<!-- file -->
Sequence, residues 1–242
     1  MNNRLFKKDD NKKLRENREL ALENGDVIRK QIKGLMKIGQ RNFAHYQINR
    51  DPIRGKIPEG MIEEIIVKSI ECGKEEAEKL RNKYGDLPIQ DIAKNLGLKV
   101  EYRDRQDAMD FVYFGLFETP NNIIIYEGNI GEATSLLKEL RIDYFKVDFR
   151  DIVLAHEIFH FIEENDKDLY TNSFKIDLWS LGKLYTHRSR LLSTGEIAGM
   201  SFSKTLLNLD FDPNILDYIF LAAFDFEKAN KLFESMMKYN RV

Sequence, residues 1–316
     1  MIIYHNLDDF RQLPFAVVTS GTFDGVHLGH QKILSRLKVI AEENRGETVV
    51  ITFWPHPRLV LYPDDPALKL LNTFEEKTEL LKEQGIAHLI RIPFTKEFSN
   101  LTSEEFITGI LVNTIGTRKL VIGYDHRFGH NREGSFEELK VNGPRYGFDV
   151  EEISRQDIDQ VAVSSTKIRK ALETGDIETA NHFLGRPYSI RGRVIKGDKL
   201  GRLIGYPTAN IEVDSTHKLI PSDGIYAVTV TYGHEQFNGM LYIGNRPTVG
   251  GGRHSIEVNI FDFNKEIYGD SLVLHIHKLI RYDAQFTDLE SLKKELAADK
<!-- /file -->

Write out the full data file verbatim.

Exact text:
Sequence, residues 1–242
     1  MNNRLFKKDD NKKLRENREL ALENGDVIRK QIKGLMKIGQ RNFAHYQINR
    51  DPIRGKIPEG MIEEIIVKSI ECGKEEAEKL RNKYGDLPIQ DIAKNLGLKV
   101  EYRDRQDAMD FVYFGLFETP NNIIIYEGNI GEATSLLKEL RIDYFKVDFR
   151  DIVLAHEIFH FIEENDKDLY TNSFKIDLWS LGKLYTHRSR LLSTGEIAGM
   201  SFSKTLLNLD FDPNILDYIF LAAFDFEKAN KLFESMMKYN RV

Sequence, residues 1–316
     1  MIIYHNLDDF RQLPFAVVTS GTFDGVHLGH QKILSRLKVI AEENRGETVV
    51  ITFWPHPRLV LYPDDPALKL LNTFEEKTEL LKEQGIAHLI RIPFTKEFSN
   101  LTSEEFITGI LVNTIGTRKL VIGYDHRFGH NREGSFEELK VNGPRYGFDV
   151  EEISRQDIDQ VAVSSTKIRK ALETGDIETA NHFLGRPYSI RGRVIKGDKL
   201  GRLIGYPTAN IEVDSTHKLI PSDGIYAVTV TYGHEQFNGM LYIGNRPTVG
   251  GGRHSIEVNI FDFNKEIYGD SLVLHIHKLI RYDAQFTDLE SLKKELAADK